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Revision as of 17:53, 9 January 2013 by Duffy (talk | contribs)

Fedora 18 features an installer that is rewritten and redesigned from the ground up. The installer development team determined that a rewrite of the installer was necessary for a myriad of reasons, including the following:

  • The previous installer had an aging (around 13 years old) infrastructure that was difficult and time-consuming to maintain and improve, constraining new feature development. One current install team developer refers to the old infrastructure as "an incredible mess."
  • The performance of the old installer left a lot to be desired. Long-term tasks could not be performed in the background. This required long wait times and pauses throughout the installation experience. For example, as CPU and time-intensive tasks were processed, the UI would freeze for several moments until a given processing task completed.
  • The previous UI was not very responsive. This manifested in various ways, including a failure of the UI screens to redraw when the display was changed between a TTY and back to the UI.
  • The text-only version of the installer interface was a completely separate codebase, which increased the maintenance burden of the installer. This also increased the amount of work needed to implement new features as they would need to be written twice, once for each codebase.
  • The previous codebase was not written in a modular fashion. This caused issues where similar functionality in different modes (for example, GUI vs kickstart) used different logic and resulted in inconsistencies for users.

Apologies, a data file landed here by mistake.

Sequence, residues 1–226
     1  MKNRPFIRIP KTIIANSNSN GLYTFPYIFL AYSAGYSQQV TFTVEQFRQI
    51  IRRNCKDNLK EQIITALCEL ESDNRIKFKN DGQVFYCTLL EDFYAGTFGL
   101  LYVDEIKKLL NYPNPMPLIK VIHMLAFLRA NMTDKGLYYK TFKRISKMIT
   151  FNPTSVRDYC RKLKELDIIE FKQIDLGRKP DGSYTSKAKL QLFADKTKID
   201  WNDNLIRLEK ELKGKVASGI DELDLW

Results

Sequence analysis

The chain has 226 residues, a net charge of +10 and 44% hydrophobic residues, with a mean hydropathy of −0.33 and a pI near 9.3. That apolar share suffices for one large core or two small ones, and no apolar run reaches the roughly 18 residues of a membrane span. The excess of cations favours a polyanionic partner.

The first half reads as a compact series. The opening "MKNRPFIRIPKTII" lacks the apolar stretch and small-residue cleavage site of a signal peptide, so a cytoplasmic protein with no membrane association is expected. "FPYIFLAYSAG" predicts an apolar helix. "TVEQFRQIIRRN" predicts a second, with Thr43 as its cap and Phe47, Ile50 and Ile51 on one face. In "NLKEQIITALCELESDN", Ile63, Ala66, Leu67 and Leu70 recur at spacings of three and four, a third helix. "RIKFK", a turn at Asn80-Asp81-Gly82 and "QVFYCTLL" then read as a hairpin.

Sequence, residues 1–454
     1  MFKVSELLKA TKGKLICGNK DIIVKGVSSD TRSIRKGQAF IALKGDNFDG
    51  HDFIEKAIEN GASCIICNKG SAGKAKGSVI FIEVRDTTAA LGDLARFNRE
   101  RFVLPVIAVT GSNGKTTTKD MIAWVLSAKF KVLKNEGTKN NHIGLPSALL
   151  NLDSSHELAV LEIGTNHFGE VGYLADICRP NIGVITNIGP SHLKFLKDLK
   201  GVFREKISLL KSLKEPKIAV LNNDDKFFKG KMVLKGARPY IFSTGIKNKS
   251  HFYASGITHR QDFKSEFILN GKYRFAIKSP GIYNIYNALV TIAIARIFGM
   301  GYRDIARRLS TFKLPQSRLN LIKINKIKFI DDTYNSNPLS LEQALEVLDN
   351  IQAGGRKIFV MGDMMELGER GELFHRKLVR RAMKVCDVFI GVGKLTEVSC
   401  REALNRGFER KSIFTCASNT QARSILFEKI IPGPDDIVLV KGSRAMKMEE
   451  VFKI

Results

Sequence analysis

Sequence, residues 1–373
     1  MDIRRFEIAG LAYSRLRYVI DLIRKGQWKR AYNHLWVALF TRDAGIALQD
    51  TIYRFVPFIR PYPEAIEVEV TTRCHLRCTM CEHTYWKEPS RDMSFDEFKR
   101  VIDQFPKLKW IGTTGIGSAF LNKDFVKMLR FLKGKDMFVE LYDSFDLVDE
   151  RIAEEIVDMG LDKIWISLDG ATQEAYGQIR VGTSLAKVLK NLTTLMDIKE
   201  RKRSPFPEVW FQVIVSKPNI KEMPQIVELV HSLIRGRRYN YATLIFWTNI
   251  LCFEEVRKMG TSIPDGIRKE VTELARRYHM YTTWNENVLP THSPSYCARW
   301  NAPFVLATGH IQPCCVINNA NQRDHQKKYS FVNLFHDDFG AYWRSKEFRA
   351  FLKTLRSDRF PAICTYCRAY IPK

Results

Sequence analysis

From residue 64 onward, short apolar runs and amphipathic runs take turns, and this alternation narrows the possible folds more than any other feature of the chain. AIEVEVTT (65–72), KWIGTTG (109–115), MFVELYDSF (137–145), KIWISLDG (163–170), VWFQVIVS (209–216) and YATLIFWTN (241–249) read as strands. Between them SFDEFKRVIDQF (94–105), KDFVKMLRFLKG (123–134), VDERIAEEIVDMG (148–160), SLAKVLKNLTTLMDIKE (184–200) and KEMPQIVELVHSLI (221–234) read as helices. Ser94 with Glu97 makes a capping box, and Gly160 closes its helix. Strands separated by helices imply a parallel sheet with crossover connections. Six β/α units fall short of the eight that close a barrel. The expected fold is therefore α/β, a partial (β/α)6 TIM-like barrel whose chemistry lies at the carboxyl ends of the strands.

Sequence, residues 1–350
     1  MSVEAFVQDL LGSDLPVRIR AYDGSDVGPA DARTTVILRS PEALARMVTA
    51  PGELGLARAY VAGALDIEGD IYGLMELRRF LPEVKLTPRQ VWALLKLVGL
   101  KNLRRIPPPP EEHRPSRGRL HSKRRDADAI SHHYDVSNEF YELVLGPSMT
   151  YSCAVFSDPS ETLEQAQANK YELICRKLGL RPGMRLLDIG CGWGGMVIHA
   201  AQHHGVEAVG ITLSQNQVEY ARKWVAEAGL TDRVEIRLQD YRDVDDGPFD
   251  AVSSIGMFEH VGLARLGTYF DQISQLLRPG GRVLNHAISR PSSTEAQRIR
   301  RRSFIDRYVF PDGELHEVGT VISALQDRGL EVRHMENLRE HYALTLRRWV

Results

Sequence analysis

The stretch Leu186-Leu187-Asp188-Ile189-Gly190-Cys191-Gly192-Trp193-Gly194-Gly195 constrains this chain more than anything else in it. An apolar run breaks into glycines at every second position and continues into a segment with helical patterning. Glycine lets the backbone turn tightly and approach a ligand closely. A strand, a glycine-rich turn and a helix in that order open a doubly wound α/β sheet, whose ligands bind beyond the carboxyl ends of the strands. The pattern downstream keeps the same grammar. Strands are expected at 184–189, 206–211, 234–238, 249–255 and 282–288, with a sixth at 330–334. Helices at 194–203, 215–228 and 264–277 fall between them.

• The automated kickstart mode of the installer was separate and incompatible with the UI modes of the installer. A separate utility, system-config-kickstart, was created solely to provide a UI for creating kickstarts since the existing UI could not be used for this purpose without a completed install.
  • The old installer's interface had a 'point of no return' past which any changes you'd made to your storage configuration could destroy data on your disk(s) and you couldn't go back to change it. Since the UI followed a linear path, this exact inflection point occurred close to the middle of the screen flow and required a rather discouraging pop-up dialog to explain the impact.
  • In previous versions of Fedora, the installer's interface followed a wizard design pattern , consisting of multiple linear screens with occasional nested modal pop-up dialogs. (See diagram below) While nothing is inherently problematic with wizards as a design pattern, the sheer number of screens required by the installer made it unwieldy. You could end up several screens into the process and need to go back and change something on an earlier screen, requiring a lot of clicking and screen flipping to go back and return to where you left off.


In order to address these and other issues, the installer development team changed the UI model from a linear wizard-based model to a hub and spoke model. Essentially, the installer UI has been distilled into two main menus, from which you can optionally visit various option screens. Each menu list out each sub-screen and summarizes the choices selected for each sub-screen so you can skip screens that you don't need to configure if you'd like. See the diagram below for a visual illustration of how the hub and spoke model works.